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Can Vaping Kill You?

Updated on July 15, 2018

History of Vaping

Vaping, also referred to as smoking e-cigs or e-cigarettes, is a relatively new phenomenon. While the e-cigarette goes back to 1927 with it's original invention by Joseph Robinson, modern version didn't really grow in popularity until the mid-2000s. With a concept seen as early on as ancient Egypt, vaping uses a heat source, typically a battery operated heating component, to vaporize a liquid containing nicotine and often other flavoring agents. Vaporizing allows the user to inhale the substance into the lungs and then into the bloodstream similar to smoking a cigarette. While proponents of vaping point to its benefits to those trying to quit smoking, those against the practice point to a lack of regulation and the growing research around the potential dangers of e-cigarettes, especially among children and teenagers.

Why Do Some Consider Vaping Beneficial?

Vaping is often sold as a safer alternative to smoking traditional cigarettes. When viewed from this lens, e-cigarettes can undeniably be beneficial, though not fully safe for those looking for a way to continue feeding the need for nicotine. These benefits largely come from cutting out the hundreds of cancer-causing substances that are inhaled during smoking. These benefits have the potential of dramatically reducing cancer rates over time, especially lung cancer, and have the potential of improving the lives of both smokers, as well as those that may be regularly exposed to second-hand smoke nearby. However, it's important to understand that while vaping is "safer" than smoking traditional cigarettes, it does not come without potential dangers and consequences.

But is it Deadly?

While the heavily increasing level of active users of e-cigarettes today is still new to scientific research, there's not a lot of recorded cases where vaping has led to death. The only direct deaths caused by e-cigarettes have been related to defective pieces of equipment. This includes the death of a man whose e-cigarette exploded, sending shrapnel into his head while also catching his house on fire. In fact, between 2009 and 2016, there were 195 reported incidents of exploding e-cigarettes resulting in injury, including 38 severe injuries.

Much of the danger of death from vaping comes from a lack of regulation. While headway has been made to regulate the production of e-cigarettes, there's still not enough regulation in how they are made to ensure safe operation and that "safe" levels of nicotine are released. It's important to understand that nicotine is a highly addictive poison, so there are no real "safe" levels" of use. In fact, some scientists believe nicotine may be more poisonous than both cyanide and arsenic, though updated studies are needed to find out the exact lethal dosage.However, It is known that even a small amount of nicotine can be deadly for a child, especially if a small child gets hold of a unsupervised e-cigarette or vape fluid.

Nicotine is not only addictive but it can corrode the soft tissues of the body and has a dramatic and fast negative impact on your nervous system. With a lack of regulation in how much nicotine is released and available to be inhaled, the potential dangers of nicotine poisoning are high for users. Manufacturers may also use other carrier chemicals or flavoring agents that get inhaled along with the nicotine, which also lack in regulation and safety standards.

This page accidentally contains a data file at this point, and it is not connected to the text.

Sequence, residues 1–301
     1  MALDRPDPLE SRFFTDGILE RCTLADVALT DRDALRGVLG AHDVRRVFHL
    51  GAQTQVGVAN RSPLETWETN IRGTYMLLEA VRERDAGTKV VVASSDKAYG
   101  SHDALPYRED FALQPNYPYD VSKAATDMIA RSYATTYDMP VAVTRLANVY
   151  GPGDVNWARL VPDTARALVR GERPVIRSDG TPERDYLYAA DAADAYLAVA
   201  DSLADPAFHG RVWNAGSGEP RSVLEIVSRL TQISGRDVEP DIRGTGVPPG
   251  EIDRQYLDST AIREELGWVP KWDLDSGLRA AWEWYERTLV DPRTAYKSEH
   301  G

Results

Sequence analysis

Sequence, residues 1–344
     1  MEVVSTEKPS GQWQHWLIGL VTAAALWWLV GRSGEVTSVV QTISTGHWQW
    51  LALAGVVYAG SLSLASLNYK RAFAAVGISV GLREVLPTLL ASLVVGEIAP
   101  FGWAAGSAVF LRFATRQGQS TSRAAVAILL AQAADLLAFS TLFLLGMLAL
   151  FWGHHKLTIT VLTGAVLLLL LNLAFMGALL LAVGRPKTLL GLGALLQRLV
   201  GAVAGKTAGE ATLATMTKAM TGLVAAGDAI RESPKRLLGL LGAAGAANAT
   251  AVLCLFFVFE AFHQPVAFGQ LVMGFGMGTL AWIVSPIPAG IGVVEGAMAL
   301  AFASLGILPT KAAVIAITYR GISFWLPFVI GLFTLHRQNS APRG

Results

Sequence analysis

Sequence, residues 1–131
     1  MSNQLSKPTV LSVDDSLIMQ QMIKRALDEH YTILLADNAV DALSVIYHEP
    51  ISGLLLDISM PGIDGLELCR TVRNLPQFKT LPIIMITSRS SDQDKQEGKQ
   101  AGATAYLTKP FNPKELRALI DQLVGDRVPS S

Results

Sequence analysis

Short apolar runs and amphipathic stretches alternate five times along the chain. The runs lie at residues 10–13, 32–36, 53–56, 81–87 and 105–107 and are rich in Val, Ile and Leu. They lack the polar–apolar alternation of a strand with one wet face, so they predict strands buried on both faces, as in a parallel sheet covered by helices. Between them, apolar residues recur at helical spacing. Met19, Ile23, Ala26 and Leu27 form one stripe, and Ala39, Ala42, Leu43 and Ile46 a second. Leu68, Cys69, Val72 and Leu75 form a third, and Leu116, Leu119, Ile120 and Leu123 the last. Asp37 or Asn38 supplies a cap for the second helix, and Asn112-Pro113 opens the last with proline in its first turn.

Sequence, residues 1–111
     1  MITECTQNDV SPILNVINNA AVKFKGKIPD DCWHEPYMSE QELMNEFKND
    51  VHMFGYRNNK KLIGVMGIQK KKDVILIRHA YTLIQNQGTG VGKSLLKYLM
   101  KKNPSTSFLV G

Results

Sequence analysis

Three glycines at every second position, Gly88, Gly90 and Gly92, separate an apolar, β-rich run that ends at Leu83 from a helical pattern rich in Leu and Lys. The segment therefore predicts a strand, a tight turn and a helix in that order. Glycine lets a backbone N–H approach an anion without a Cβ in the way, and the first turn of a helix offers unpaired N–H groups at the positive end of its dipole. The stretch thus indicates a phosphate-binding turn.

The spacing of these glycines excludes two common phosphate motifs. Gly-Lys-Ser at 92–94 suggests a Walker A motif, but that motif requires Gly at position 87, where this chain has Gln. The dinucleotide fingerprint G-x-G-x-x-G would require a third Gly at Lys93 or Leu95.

But just because there hasn't been many recorded deaths yet, does not mean vaping is by any means safe. Analysis of some vaping fluids has found known carcinogens and other dangerous chemicals in e-cigarette vapors, including cadmium, chromium and nickel. Furthermore, recent research published by the New York University School of Medicine in the Proceedings of the National Academy of Sciences has shown the potential for e-cigarettes to cause DNA damage to the hearts and lungs of mice exposed to vaping, contributing to the potential development of certain cancers. With this level of use being relatively new, more data and research is necessary to see the potentially negative impact over time of vaping in human populations, but preliminary research is troubling.

Vaping's Risk to Children

Where vaping may become the most deadly is in children. With the introduction of flavors like grape and cinnamon toast crunch, vaping has become incredibly attractive to children. With nicotine's quick impacts to the nervous system, organizations like the U.S. Department of Health, and Human Services suggest that vaping at a young age impacts the brain's development, especially the reward center of the brain. This sets teen users up to not only be more likely to move over to cancer-causing traditional cigarettes in the future to feed their nicotine addiction, but may also negatively impact attention and learning, as well as increase the risks for developing mood disorders. Even middle school students are using e-cigarette at twice the rate of just a few years ago, according to the National Capital Poison Control Center, showing a troubling trend.


In conclusion, too little is known about the exact dangers of vaping and e-cigarettes. As such, if they're used to help you quit traditional cigarettes, the benefits may outweigh the risks. However, troubling statistics of growing use among non-smokers, especially children, show the greater need of both increased research into vaping's health impacts, as well as there's a need for greater regulation to protect current and future generations from the dangers of nicotine.


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